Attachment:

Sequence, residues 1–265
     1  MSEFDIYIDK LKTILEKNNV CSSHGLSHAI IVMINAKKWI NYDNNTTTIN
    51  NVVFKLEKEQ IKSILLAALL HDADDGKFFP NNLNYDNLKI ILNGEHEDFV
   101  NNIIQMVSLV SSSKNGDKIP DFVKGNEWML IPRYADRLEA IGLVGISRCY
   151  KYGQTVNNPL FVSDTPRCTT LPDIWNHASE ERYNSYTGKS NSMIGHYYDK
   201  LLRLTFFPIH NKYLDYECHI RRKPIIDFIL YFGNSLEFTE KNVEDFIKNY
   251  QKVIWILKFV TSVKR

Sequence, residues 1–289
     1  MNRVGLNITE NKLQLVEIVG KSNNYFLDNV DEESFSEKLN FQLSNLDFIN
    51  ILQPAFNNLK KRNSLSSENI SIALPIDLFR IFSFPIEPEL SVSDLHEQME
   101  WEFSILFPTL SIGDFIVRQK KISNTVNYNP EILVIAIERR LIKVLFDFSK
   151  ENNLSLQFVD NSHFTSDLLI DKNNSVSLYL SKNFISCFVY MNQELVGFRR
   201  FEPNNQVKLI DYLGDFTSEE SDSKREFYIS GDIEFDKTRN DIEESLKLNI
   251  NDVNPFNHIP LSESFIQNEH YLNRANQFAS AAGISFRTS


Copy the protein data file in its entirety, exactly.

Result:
Sequence, residues 1–265
     1  MSEFDIYIDK LKTILEKNNV CSSHGLSHAI IVMINAKKWI NYDNNTTTIN
    51  NVVFKLEKEQ IKSILLAALL HDADDGKFFP NNLNYDNLKI ILNGEHEDFV
   101  NNIIQMVSLV SSSKNGDKIP DFVKGNEWML IPRYADRLEA IGLVGISRCY
   151  KYGQTVNNPL FVSDTPRCTT LPDIWNHASE ERYNSYTGKS NSMIGHYYDK
   201  LLRLTFFPIH NKYLDYECHI RRKPIIDFIL YFGNSLEFTE KNVEDFIKNY
   251  QKVIWILKFV TSVKR

Sequence, residues 1–289
     1  MNRVGLNITE NKLQLVEIVG KSNNYFLDNV DEESFSEKLN FQLSNLDFIN
    51  ILQPAFNNLK KRNSLSSENI SIALPIDLFR IFSFPIEPEL SVSDLHEQME
   101  WEFSILFPTL SIGDFIVRQK KISNTVNYNP EILVIAIERR LIKVLFDFSK
   151  ENNLSLQFVD NSHFTSDLLI DKNNSVSLYL SKNFISCFVY MNQELVGFRR
   201  FEPNNQVKLI DYLGDFTSEE SDSKREFYIS GDIEFDKTRN DIEESLKLNI
   251  NDVNPFNHIP LSESFIQNEH YLNRANQFAS AAGISFRTS